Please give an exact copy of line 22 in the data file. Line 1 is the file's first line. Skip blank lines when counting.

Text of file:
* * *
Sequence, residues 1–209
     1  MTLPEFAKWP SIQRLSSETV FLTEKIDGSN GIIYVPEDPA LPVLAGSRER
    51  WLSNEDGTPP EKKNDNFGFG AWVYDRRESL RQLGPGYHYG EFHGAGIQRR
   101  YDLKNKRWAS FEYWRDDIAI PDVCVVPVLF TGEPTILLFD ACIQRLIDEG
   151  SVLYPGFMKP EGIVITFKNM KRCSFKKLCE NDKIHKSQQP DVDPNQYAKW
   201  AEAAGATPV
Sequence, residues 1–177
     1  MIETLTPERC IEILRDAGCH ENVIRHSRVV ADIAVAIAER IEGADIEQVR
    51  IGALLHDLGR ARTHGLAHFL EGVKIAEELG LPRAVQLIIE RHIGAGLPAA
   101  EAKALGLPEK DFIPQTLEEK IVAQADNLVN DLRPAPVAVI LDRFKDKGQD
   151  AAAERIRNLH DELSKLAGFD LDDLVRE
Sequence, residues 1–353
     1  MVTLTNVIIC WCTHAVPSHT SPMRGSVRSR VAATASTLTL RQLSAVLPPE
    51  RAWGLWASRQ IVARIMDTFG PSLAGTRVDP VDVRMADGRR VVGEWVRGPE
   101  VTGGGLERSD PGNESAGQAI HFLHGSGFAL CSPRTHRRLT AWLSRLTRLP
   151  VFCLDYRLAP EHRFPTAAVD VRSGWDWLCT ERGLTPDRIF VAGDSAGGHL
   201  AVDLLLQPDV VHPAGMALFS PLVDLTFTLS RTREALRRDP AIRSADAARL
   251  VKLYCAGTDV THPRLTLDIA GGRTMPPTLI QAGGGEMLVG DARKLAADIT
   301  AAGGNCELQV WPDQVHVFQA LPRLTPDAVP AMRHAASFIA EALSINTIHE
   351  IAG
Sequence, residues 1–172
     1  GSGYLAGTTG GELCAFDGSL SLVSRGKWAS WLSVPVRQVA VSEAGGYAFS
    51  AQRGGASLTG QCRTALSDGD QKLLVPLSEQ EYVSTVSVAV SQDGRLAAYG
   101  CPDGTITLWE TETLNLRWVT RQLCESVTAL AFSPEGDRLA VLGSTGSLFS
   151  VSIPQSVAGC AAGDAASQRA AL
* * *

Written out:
     1  GSGYLAGTTG GELCAFDGSL SLVSRGKWAS WLSVPVRQVA VSEAGGYAFS